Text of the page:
Charter schools suspend elementary students “almost twice” as often as the districts where they are located, the State Department of Education reported Wednesday.

The five districts with the highest percentage of elementary students being suspended or expelled are all charter schools, department officials told the State Board of Education Wednesday.

And with one in seven students being suspended at charter elementary schools — compared to one in 13 students in the Bridgeport and Hartford public school districts where they are located — the chairman of the State Board of Education said things are about to change.

Chairman Allan B. Taylor said a new system is now being set up to better track suspension data on a regular basis. Additionally, suspension data will be taken into account when charter schools come before the board to renew their contracts to operate in the state or expand enrollment.

“Obviously, you can’t use [such data] for new charters,” said Taylor.

The suspension issue came to light after the state’s child advocate reported that hundreds of kindergarten students are wrongfully being suspended from school each year in both charter and traditional public schools.

“The rates are just too high. They’re just too high,” Education Commissioner Stefan Pryor told the state board, adding that he is working to create a system to routinely track and detect problems.

“We are going to learn a lot more,” said Pryor said. “We cannot lose our sense of alarm and our sense of outrage… For our youngest students there simply has to be another way.”

For non-charter schools with high rates, Pryor said state funding grants will be contingent on plans to fix this problem.

“That is an important lever,” he told reporters Wednesday.

Department officials said that one explanation provided by charter schools for their high rates of suspensions is that some of them deploy “pull out” methods for disruptive students to address the behavior. That “pull out” time lasts on average four hours, the state board was told.

Most of these students suspended from charters — about 80 percent — return to the school from which they were suspended, the department reports.

Responding to an article in the Connecticut Mirror, officials from the Achievement First charter school in Hartford –- which suspended  32.5 percent of its elementary students during the 2011-12 school year -– wrote that they are  working to solve the problem.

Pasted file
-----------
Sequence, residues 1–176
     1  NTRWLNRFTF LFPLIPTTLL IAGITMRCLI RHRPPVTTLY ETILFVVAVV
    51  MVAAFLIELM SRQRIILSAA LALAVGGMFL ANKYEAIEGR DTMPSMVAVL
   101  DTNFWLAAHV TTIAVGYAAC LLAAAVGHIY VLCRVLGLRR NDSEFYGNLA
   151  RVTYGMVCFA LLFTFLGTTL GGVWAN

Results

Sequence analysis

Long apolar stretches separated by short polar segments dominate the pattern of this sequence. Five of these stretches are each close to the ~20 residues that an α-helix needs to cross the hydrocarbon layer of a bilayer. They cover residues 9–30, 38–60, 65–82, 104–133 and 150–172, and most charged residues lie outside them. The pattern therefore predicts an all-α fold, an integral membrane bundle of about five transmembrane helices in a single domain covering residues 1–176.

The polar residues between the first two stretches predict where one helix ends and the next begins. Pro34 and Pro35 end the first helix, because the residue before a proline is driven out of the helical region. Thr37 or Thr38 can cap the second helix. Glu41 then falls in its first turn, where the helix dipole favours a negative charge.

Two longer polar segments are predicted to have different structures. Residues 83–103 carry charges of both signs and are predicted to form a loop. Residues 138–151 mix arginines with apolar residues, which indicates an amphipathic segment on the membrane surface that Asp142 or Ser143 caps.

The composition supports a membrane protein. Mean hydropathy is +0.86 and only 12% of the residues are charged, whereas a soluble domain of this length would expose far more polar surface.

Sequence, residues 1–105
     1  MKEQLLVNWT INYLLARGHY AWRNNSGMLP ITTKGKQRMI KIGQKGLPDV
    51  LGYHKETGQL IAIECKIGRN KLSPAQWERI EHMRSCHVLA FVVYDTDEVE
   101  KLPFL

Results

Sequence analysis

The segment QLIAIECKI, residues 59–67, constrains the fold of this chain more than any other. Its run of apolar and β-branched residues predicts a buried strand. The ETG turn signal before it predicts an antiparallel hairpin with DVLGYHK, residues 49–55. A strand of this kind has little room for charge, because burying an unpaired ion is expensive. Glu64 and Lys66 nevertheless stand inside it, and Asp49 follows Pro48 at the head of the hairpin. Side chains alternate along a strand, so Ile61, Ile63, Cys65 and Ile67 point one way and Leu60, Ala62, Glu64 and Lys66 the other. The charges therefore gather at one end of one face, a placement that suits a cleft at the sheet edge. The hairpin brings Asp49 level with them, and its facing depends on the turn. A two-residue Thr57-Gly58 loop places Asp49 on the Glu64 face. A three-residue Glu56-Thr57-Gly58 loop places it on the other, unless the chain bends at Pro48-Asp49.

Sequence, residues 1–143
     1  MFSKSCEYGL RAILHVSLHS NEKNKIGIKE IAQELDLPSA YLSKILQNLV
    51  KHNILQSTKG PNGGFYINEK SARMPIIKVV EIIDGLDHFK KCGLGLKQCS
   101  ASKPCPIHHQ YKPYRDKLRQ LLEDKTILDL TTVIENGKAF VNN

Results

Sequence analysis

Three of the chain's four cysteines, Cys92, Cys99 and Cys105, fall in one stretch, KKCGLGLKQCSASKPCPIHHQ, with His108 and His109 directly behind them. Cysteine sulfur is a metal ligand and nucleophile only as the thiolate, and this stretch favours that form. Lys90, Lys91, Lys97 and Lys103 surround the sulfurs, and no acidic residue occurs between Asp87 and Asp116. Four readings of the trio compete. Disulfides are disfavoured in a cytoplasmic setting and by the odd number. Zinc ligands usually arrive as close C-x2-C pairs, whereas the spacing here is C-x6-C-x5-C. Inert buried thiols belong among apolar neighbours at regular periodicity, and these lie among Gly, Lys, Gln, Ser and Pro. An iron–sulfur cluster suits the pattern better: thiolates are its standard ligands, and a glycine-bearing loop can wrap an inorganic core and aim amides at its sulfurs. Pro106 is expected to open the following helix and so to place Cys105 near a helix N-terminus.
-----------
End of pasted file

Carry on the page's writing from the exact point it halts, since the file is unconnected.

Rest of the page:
“Achievement First recognizes that there were an unacceptable number of suspensions… The number of suspensions rose to an unprecedented level due to the school’s continued high expectations for student behavior in supporting student achievement,” the school system said.

“The suspension policies are in place to preserve a learning environment required for high student achievement. Since the school has kindergarten and first-grade students who enter the school lacking basic readiness skills, it is critical to reduce disruptions in the classroom.”

Pryor, who helped open Amistad Academy in New Haven, which is associated with Achievement First, recused himself from talking about the rates of suspensions at those schools.

Amistad’s suspension rate for elementary students was 13.8 percent during the 2011-12 school year.

A new state law restricting when students can be suspended from school has helped in significantly reducing the number of students being suspended from school, but it has not diminished Connecticut’s racial disparity in use of the disciplinary technique. (See suspension rates by district here and here. )

“There are all kinds of alarms going off in my mind right now,” said Theresa Hopkins-Staten, the vice chairwoman of the state education board. “It is happening at unacceptable rates.” 

Pryor said the department will spend the summer finalizing its research and deciding what next steps to take to address this issue.

“Clearly a lot of kids are being suspended that we need to pay attention to,” said Ajit Gopalakrishnan of the state department of education.

Read the department’s full suspension report here.

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Jacqueline Rabe Thomas

Jacqueline was CT Mirror’s Education and Housing Reporter, and an original member of the CT Mirror staff, joining shortly before our January 2010 launch. Her awards include the best-of-show Theodore A. Driscoll Investigative Award from the Connecticut Society of Professional Journalists in 2019 for reporting on inadequate inmate health care, first-place for investigative reporting from the New England Newspaper and Press Association in 2020 for reporting on housing segregation, and two first-place awards from the National Education Writers Association in 2012. She was selected for a prestigious, year-long Propublica Local Reporting Network grant in 2019, exploring a range of affordable and low-income housing issues. Before joining CT Mirror, Jacqueline was a reporter, online editor and website developer for The Washington Post Co.’s Maryland newspaper chains. Jacqueline received an undergraduate degree in journalism from Bowling Green State University and a master’s in public policy from Trinity College.

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